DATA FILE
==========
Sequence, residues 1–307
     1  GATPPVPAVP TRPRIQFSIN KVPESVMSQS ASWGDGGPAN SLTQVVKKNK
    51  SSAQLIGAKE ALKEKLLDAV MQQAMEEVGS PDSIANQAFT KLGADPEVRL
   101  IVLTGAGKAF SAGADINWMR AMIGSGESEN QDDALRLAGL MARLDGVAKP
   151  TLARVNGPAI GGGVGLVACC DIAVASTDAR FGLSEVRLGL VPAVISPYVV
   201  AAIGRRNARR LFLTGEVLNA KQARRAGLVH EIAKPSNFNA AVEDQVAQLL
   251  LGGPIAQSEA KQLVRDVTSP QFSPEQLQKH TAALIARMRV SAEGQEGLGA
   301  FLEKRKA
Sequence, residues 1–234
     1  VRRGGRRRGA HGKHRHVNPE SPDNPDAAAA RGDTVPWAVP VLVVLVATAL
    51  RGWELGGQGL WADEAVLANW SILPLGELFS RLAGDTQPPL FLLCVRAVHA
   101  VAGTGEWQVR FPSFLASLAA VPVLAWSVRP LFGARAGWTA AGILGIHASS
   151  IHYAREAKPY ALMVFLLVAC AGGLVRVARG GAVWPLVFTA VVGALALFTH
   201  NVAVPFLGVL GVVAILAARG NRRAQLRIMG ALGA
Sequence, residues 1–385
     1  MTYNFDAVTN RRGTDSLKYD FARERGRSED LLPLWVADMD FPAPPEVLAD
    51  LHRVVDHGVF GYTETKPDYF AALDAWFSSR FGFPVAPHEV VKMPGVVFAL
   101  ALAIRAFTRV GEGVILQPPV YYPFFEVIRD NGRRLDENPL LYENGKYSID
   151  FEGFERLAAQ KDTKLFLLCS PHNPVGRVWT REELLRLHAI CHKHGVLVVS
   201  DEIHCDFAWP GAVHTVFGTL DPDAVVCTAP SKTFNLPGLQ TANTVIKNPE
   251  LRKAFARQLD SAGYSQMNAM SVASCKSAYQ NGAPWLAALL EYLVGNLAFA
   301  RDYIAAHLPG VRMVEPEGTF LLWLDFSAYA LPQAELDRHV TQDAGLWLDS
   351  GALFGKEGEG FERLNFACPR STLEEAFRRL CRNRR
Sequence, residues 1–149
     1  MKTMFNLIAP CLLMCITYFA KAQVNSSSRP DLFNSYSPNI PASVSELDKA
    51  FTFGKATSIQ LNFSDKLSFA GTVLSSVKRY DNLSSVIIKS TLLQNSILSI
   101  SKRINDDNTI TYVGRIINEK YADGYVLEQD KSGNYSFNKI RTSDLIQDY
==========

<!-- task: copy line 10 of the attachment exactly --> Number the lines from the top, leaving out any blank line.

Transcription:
     1  VRRGGRRRGA HGKHRHVNPE SPDNPDAAAA RGDTVPWAVP VLVVLVATAL